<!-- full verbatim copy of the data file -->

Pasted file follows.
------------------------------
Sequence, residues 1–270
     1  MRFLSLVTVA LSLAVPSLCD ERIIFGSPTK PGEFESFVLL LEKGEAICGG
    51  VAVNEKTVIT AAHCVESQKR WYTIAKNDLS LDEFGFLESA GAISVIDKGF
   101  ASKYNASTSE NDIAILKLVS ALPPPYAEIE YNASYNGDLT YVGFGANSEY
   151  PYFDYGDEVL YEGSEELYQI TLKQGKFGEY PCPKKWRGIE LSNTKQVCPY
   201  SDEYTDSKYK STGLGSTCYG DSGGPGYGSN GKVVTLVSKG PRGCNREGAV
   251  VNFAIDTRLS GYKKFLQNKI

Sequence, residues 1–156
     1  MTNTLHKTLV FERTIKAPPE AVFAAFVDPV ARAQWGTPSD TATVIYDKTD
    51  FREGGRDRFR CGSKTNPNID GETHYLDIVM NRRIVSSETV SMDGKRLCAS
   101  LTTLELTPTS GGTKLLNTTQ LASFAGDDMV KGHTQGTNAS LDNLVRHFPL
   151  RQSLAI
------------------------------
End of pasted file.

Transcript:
Sequence, residues 1–270
     1  MRFLSLVTVA LSLAVPSLCD ERIIFGSPTK PGEFESFVLL LEKGEAICGG
    51  VAVNEKTVIT AAHCVESQKR WYTIAKNDLS LDEFGFLESA GAISVIDKGF
   101  ASKYNASTSE NDIAILKLVS ALPPPYAEIE YNASYNGDLT YVGFGANSEY
   151  PYFDYGDEVL YEGSEELYQI TLKQGKFGEY PCPKKWRGIE LSNTKQVCPY
   201  SDEYTDSKYK STGLGSTCYG DSGGPGYGSN GKVVTLVSKG PRGCNREGAV
   251  VNFAIDTRLS GYKKFLQNKI

Sequence, residues 1–156
     1  MTNTLHKTLV FERTIKAPPE AVFAAFVDPV ARAQWGTPSD TATVIYDKTD
    51  FREGGRDRFR CGSKTNPNID GETHYLDIVM NRRIVSSETV SMDGKRLCAS
   101  LTTLELTPTS GGTKLLNTTQ LASFAGDDMV KGHTQGTNAS LDNLVRHFPL
   151  RQSLAI